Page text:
by Mark Anthony Brennan
Victoria’s Spaceport Union describe themselves as a progressive art rock band, but if you think that means they play retro 70’s dinosaur music then you are very mistaken. Their music is, in fact, fresh and contemporary, and they take the term “progressive” in its literal sense.
“To us ‘progressive’ means open,” says Adam Basterfield, vocalist/lead guitarist. “We are adventurous, open to new ideas. We like to challenge our audience, to make our performance a moving, inclusive experience.”
Spaceport Union started out with the nucleus of Caroline Spence, vocalist/rhythm guitar, and Basterfield. With drummer Taylor Charles and original bass player Mike Ross they first released an EP ‘Lark’, followed in 2012 by their full-length debut ‘Flirting with the Queen’, which was produced by Michael Jack (Bono, Jann Arden, Rush).
“He really helped us take our performance-focused music and sculpt it into an album,” says Spence, “without losing the integrity of what we were doing.”
Although the group often embark on wild musical excursions (the song ‘Minnow’ provides an excellent example) they do so from a solid base, even though that base is an amalgam of rock, folk, jazz, and even R&B. The band attributes this eclecticism to the synergy generated by the four individual members.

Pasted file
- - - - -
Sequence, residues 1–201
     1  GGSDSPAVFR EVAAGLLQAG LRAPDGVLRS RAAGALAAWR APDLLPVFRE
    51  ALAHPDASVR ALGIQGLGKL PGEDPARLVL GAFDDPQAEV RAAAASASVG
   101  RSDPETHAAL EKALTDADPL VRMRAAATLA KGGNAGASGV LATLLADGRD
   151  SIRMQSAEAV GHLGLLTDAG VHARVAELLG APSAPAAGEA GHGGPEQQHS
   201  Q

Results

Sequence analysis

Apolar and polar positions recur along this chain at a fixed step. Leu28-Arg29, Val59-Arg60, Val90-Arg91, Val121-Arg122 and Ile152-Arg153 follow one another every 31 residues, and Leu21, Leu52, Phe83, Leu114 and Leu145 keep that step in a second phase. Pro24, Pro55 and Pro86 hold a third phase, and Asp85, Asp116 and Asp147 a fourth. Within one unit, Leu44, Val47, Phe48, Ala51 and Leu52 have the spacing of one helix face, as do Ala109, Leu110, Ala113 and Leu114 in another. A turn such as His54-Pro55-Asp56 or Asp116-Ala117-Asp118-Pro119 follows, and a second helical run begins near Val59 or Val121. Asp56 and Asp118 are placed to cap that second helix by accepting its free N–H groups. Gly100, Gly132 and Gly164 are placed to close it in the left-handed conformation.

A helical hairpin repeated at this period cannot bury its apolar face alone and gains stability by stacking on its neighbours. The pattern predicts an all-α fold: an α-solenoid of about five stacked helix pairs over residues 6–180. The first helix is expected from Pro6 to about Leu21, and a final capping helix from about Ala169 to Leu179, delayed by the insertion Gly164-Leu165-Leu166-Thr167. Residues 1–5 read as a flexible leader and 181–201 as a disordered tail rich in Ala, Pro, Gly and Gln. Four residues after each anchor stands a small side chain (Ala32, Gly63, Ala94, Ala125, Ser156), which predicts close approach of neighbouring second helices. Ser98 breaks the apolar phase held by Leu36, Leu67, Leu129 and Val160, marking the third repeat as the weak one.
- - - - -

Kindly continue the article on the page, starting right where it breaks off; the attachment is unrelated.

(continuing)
“The band is a unit of four very capable musicians,” says Basterfield, who is an honours graduate in Jazz Studies from the Victoria Conservatory of Music, “and we all bring our creative influences to the mix.”
Spence and Basterfield are both multi-instrumentalists and they remain the primary writers in the band. However, no one is shut out of the creative process involved in bringing the songs to life.
“It’s a group thing,” states Spence. “There isn’t a set way to create a song. Everyone in the band brings something to it, to find the truth in the song, the soul of it.”
The track ‘Fueled by Consequence’ was named Song of the Year at the 2013 Vancouver Island Music Awards, and the album itself has received positive reviews, particularly in the UK where progressive rock has enjoyed something of a resurgence.
“The reviewers are more into it,” says Spence, commenting on the response they get in England. “They seem to really revel in all of the influences that make up our sound.”
Spaceport Union intends to build on that response as they head into the studio to record their second album (with new bassist Aaron St. Arnault). But as excited as she is about working with producer Michael Jack again, Spence remembers the trepidation she felt when working on the first album.
“It’s kinda hard to be brave and just ‘let it be’,” she says. “I worry whether people are going to like our brand of insanity. But sometimes you just have to let your ‘freak flag’ fly, you know? Just let the song live.”
Spaceport Union are a band that thinks long-term, planning far ahead to bolster their fan base and to keep those fans delighted with their music. It keeps them moving forever forward. To quote the song ‘Fueled by Consequence’:
The consequences get me moving
The repercussions keep me going